Frankford resident offers endorsements
Frankford has their annual election on Saturday, Feb. 6, to elect three town council members. This is a very important election that I encourage all residents to be a part of by having their voices heard by their vote. The Town has come a long way over the last 12 to 18 months, and in order to continue the momentum and not revert back to the mistakes made in the past, we need the right representatives in these positions.
Citizen involvement has been the most important part of Frankford’s revitalization. Town meetings are now well-attended, where in the past only one or two citizens showed up. The new council has allowed all residents’ points of view be heard and considered.
Frankford now has committees that primarily consist of residents and one or two council members. These committees are tasked with the issues that affect all of us, including the budget, charter, employee benefits and more. All residents are welcome on these committees.
Citizen involvement has also led to the Envision Frankford committee. This is a cooperative effort between the Town government, businesses, residents and churches. Although it has only been around for approximately eight months, Envision Frankford has already produced the two most successful events the Town has had: the Fall Festival and Christmas in the Park.
The Town has made real progress over the last six months and has built the foundation for lasting positive change. It has taken a lot of work to get to this point, and a lot of work still needs to be done. This includes a charter revision that is long overdue, a transparent budget that works for all residents, smart growth that enhances the town while preserving the small-town qualities we all love, and modernizing our infrastructure.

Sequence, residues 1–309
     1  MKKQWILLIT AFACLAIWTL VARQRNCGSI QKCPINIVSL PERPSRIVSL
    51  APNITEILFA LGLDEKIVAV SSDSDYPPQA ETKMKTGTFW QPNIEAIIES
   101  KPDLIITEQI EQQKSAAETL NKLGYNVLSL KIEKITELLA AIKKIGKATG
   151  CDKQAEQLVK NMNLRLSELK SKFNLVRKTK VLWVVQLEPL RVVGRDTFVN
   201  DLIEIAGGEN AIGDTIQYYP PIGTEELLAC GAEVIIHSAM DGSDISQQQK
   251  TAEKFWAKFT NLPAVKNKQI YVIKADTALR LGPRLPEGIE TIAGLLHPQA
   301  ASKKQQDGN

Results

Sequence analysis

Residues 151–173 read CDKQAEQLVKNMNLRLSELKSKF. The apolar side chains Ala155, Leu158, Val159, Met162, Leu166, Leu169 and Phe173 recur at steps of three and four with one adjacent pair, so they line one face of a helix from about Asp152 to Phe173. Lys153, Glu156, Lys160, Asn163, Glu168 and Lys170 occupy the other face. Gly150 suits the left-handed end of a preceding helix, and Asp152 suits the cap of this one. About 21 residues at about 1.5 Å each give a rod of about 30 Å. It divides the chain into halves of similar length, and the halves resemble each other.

But none of this will happen by accident. We need a council that is committed to these issues and will do the work necessary to bring them to fruition. That is why I encourage my fellow citizens when they vote on Feb. 6 that they pull the levers for Pam Davis, Marty Presley and Skip Ash.
Along with existing members Joanne Bacon and recently appointed Greg Welch, this will be a very strong council. They have been there since the beginning of the process to change town hall and have participated both as council members and citizens. They are committed to the issues facing Frankford and determined to see that they are accomplished in a way to serve all of Frankford, not a chosen few.
LBWC able to offer multiple scholarships
Lord Baltimore Women’s Club is proud to announce, because of the community’s support of the annual Fashion Show & Luncheon, we are offering multiple scholarships in amounts between $750 and $2,000 to the students graduating in the Class of 2016 and planning to further their education. Further education is almost a “must” if this generation of young adults is to thrive in this world.
For those students who reside in Sussex County and within the following ZIP codes, and attend Indian River High School or Sussex Technical High School, applications will be available from the guidance counselor in charge of scholarships by Feb. 11, 2016. The included ZIP codes are: 19930, 19939, 19944, 19945, 19967, 19970 and 19975.
Parents, please encourage your child/children to pick up all available applications. Should your child/children not apply, the opportunity is lost.
Lord Baltimore Women’s Club is looking to an abundance of applications from the Class of 2016.
Florence Fallavollita, Scholarship Chair
Lord Baltimore Women’s Club
Walsh opposes filling wetlands
I would like to inform the citizens of Bethany Beach that recently Mr. Walcek submitted a permit application to both DNREC and the Army Corps of Engineers requesting permission to fill 1.91 acres of wetlands located adjacent to the Bethany Beach Loop Canal, referred to as the Mews of Bethany. The ultimate purpose of his filling the wetlands is to accommodate the construction of six multi-family buildings.
The Loop Canal wetlands at issue are part (18 percent) of a remaining wetland parcel amounting to approximately 10.5 acres of land that provides a large measure of flood control, water cleansing and wild life habitat. The Loop Canal wetlands are adjacent to the Bethany Loop Canal, which causes major flooding both east and west of Route 1 in Bethany.
The Walceks are attempting to obtain approval by providing a 4-acre compensatory mitigation wetland parcel (located 4 miles from the Loop Canal property). The mitigation site is not on the Loop Canal.